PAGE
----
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In Search of "The Ideal Image"
Journey to Kanchipuram

by Tom Cole
© 2010




The grounds of the Kailasnathar Temple with a huge nandi bull carved from one piece of stone. The woman in blue is employed by the Archaeological Survey of India, to care for the grounds.




For years, I have been fascinated with classical Asian art.  In fact, the impetus to venture out into the world and a life of adventure on the road in India was first provided by my contact with Tibetan thangkhas at an .

early age.  It was so long before that it seems like a lifetime ago, but more like someone else’s life than my own.  I can barely remember NOT being on the road in Asia in my life





The entry to the inner sanctum of the Kailasnathar Temple, Kanchupuram




But after a few hard years of self imposed exile from the subcontinent, in part, enforced by current political realities since 9/11, I chose to return to India, a place I had not seen in 18 years.  Yes, I had been to Pakistan, undeniably an inextricable component of  the

subcontinent, as India (or ‘Hindustan’) derives its name from the Indus River, which passes through the heart of present-day Pakistan, emptying into the Arabian Sea.  But Pakistan is not India; rather it is merely a small part.




Shiva with devotees, including a bearded attendant saint to the left with, presumably, Parvati at his feet. The niche is flanked by guardians in the form of mythical beasts. Kailasnathar Temple, 8th century




So with little hesitation, I decided to re-visit India.  Little did I realize, this visit would evolve into more a revelation, than a reminder.  I decided I wanted to go to Kanchipuram in Tamil Nadu, to see the art of those ancient temples, thankfully none of which are prominently featured in any tourist guides.

It has been a “destination” of sorts to the odd traveller for some time now, first mentioned by the early Chinese explorer, Hiuen Tsang, in the 7th century, who curiously made no mention of the grand temples there, even though it was known as the “city of a thousand temples”.  He must have passed through prior to the date they were constructed.  He apparently reserved his few remarks to extolling benign rule of the Pallava king in addition to the piety and bravery of the local populace.



Shiva trampling the demon of ignorance (Apasmara), in his timeless
dance of destruction and creation. Kailasnathar Temple, 8th century



Kanchi, as it was known at the time, was also a Buddhist centre, and it is believed that Bodhidharma, who went to China in the 6th century to spread Buddhism, is originally from there and it is said that the Buddha, himself, visited this once great city. It was also known as a centre of learning, reputedly second only to Benares and served as the capital of the Pallavas, who ruled over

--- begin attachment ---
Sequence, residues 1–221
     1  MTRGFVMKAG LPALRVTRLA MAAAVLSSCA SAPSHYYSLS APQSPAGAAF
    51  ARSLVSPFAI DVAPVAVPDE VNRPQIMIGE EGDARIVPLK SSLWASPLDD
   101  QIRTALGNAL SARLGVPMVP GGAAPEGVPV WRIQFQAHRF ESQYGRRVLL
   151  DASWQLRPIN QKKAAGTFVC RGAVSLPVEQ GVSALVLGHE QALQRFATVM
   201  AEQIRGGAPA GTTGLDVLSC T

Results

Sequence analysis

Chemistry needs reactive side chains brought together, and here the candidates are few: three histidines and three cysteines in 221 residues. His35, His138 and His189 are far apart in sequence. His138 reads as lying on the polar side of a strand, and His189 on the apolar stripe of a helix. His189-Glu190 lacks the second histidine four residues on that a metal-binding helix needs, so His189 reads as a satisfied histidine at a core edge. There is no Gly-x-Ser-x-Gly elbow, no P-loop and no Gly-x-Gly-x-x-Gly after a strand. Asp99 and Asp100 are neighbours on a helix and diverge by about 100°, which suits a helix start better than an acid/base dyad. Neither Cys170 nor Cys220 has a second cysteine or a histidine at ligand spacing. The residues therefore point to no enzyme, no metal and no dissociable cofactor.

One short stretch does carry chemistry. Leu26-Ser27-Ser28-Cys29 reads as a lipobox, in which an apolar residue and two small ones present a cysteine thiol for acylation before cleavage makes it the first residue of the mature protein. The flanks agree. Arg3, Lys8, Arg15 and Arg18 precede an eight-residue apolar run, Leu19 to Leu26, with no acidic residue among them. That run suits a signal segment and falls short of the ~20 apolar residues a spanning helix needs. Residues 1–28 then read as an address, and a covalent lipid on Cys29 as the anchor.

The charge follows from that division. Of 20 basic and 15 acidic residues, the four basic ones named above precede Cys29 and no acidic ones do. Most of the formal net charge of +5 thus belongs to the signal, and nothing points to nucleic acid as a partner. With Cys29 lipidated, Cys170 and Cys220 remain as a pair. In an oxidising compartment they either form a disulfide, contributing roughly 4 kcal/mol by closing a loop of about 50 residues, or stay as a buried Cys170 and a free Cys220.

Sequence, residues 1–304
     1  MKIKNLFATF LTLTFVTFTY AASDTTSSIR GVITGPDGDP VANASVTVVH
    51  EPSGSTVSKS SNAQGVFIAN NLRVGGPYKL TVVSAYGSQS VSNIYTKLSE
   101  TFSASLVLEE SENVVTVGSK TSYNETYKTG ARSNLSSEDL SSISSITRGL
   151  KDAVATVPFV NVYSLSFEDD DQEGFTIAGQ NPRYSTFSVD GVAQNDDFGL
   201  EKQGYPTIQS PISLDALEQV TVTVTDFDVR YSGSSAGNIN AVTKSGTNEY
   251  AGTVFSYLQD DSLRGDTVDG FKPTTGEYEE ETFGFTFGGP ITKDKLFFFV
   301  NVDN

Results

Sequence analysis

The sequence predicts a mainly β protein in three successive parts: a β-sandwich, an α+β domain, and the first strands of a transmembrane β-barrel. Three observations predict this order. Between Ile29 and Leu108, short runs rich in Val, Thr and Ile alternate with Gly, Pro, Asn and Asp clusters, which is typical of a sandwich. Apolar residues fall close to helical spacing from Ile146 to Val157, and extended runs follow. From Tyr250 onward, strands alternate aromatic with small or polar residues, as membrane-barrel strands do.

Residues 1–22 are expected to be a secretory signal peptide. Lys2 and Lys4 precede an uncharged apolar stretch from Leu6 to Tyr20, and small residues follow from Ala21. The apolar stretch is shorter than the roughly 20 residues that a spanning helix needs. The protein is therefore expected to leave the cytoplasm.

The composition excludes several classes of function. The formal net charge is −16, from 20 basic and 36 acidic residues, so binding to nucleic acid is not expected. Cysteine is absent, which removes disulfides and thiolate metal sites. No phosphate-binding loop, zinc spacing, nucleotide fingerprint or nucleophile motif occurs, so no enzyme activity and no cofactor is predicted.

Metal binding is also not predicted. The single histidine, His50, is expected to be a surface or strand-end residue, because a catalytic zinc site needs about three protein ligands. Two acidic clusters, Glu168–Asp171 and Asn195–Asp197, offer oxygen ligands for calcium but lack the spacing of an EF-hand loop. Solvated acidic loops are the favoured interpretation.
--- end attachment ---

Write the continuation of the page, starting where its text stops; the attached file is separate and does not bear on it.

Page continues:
extensive areas of South India from the 3rd to the 9th century.

But curiously no one I’ve met has ever been there, save for the odd ex-pat saddhu/mystic types who still thrive in 21st century India or the odd art dealer, who first mentioned Kanchipuram to me last summer, suggesting I go. 




Shiva dancing, Kailasnathar Temple, 8th century



It can hardly be termed a tourist destination as I saw only one stray backpacker, sprawled on the lush grounds of the Kailasanathar Temple and while one finds a cursory mention in travel guides, it remains a minor footnote to the attractions of Chennai (formerly Madras) and the more popular beach/temple site of Mahaballipuram.

Getting there was remarkably easy (and cheap), a two hour ride on a local train from Chennai with none of the crowds one might expect.  But where else in the world could one board a train for two hours at a cost of US $0.35 (Rs. 15)?  Curiously (but not unexpectedly), the five minute rickshaw ride to the station from our modest hotel cost more than the train ticket! 




Shiva in a contest with Kali, defeats her as he performs an energetic Tandava dance.




Passing through the verdant landscape of South India (in contrast to the parched countryside of northern India from where we had come), one can’t help but recall the epic tales of the Ramayana and the Mahabharata, stories of chivalry and treachery, virtue and deceit as well as enduring love and extended war. 

Paintings and sculpture depict some of the epic events of this history, complete with aspects of the rich landscape that could be seen from the windows of our train.




Shiva with his consort, Parvati 8th century, Kailasnathar Temple, 8th century





Wall paintings of Shiva (detail, below) and Parvati (detail, above) in two of the hidden alcoves
at the Kailasnathar Temple, Kanchipuram, 8th century




India has been described by travellers as magic, a land of pious people and instant karma but until one ventures to Tamil Nadu (and Karnataka), one really has yet to experience all that India has to offer.  I knew we must be close if not actually arrived at our destination when I spotted a huge temple standing alone in a field,

as our train slowed to a crawl.  Eventually our carriage heaved and jerked to sudden stop.  The station itself appeared to be a genuine candidate for preservation by the Archaeological Office of India, a small run down remnant of British colonial rule. 




A chariot being drawn through the streets of Kanchipuram at night, bearing Brahmin priests with a large wooden image of Hanuman behind them.




We alighted at Kanchipuram East, unaware of the newer station just a few minutes down the line, and wandered into the street where one rickshaw waited for the stray passenger. Knowing where we wanted to go was not an issue, but our driver had other plans. He immediately set off, irrespective of the direction of our hotel, to meet a friend who aspired to be a tour guide in this ‘city of temples’. We declined their offers.

Dropping our belongings at the hotel,  we started to walk in the general direction of Kailasanathar Temple, the first stop

on our art quest itinerary.  Kanchipuram is not a large town (approximate population – 155,000, small by Indian standards) but signs of the learning tradition that dominatesthe intellectual landscape are omnipresent, in the form of clinics, hospitals, and many physicians with a private practice.  Apparently medical students from all over India come to the south to study at some point during their schooling, and some apparently stay.